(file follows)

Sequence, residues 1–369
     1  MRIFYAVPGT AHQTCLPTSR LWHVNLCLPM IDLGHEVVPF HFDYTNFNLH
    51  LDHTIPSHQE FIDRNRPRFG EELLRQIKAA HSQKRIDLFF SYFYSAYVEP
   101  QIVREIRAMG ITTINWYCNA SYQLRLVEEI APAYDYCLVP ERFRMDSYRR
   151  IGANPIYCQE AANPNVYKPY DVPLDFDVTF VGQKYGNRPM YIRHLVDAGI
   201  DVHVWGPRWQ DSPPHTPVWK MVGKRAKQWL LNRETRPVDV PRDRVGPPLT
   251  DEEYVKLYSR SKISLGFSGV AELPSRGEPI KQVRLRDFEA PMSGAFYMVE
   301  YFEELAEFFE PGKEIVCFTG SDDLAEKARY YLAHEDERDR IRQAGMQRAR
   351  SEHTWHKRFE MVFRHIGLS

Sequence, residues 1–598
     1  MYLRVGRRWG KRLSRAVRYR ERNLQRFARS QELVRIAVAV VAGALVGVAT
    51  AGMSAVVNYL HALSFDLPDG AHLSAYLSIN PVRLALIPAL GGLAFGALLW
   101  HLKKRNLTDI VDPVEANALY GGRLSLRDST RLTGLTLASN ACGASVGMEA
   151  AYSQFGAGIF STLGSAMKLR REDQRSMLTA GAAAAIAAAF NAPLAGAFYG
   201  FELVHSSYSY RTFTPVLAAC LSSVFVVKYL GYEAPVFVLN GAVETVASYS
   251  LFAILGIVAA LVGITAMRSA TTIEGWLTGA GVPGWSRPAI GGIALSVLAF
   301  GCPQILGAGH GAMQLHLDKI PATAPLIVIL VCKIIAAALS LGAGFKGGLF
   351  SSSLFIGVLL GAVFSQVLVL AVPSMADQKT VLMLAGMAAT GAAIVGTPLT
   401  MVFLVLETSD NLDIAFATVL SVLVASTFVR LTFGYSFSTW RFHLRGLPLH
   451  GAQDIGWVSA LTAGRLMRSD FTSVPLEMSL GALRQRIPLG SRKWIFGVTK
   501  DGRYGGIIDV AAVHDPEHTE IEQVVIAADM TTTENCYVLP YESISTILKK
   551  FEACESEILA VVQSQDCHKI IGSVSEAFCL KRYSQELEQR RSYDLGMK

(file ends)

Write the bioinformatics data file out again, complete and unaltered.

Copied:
Sequence, residues 1–369
     1  MRIFYAVPGT AHQTCLPTSR LWHVNLCLPM IDLGHEVVPF HFDYTNFNLH
    51  LDHTIPSHQE FIDRNRPRFG EELLRQIKAA HSQKRIDLFF SYFYSAYVEP
   101  QIVREIRAMG ITTINWYCNA SYQLRLVEEI APAYDYCLVP ERFRMDSYRR
   151  IGANPIYCQE AANPNVYKPY DVPLDFDVTF VGQKYGNRPM YIRHLVDAGI
   201  DVHVWGPRWQ DSPPHTPVWK MVGKRAKQWL LNRETRPVDV PRDRVGPPLT
   251  DEEYVKLYSR SKISLGFSGV AELPSRGEPI KQVRLRDFEA PMSGAFYMVE
   301  YFEELAEFFE PGKEIVCFTG SDDLAEKARY YLAHEDERDR IRQAGMQRAR
   351  SEHTWHKRFE MVFRHIGLS

Sequence, residues 1–598
     1  MYLRVGRRWG KRLSRAVRYR ERNLQRFARS QELVRIAVAV VAGALVGVAT
    51  AGMSAVVNYL HALSFDLPDG AHLSAYLSIN PVRLALIPAL GGLAFGALLW
   101  HLKKRNLTDI VDPVEANALY GGRLSLRDST RLTGLTLASN ACGASVGMEA
   151  AYSQFGAGIF STLGSAMKLR REDQRSMLTA GAAAAIAAAF NAPLAGAFYG
   201  FELVHSSYSY RTFTPVLAAC LSSVFVVKYL GYEAPVFVLN GAVETVASYS
   251  LFAILGIVAA LVGITAMRSA TTIEGWLTGA GVPGWSRPAI GGIALSVLAF
   301  GCPQILGAGH GAMQLHLDKI PATAPLIVIL VCKIIAAALS LGAGFKGGLF
   351  SSSLFIGVLL GAVFSQVLVL AVPSMADQKT VLMLAGMAAT GAAIVGTPLT
   401  MVFLVLETSD NLDIAFATVL SVLVASTFVR LTFGYSFSTW RFHLRGLPLH
   451  GAQDIGWVSA LTAGRLMRSD FTSVPLEMSL GALRQRIPLG SRKWIFGVTK
   501  DGRYGGIIDV AAVHDPEHTE IEQVVIAADM TTTENCYVLP YESISTILKK
   551  FEACESEILA VVQSQDCHKI IGSVSEAFCL KRYSQELEQR RSYDLGMK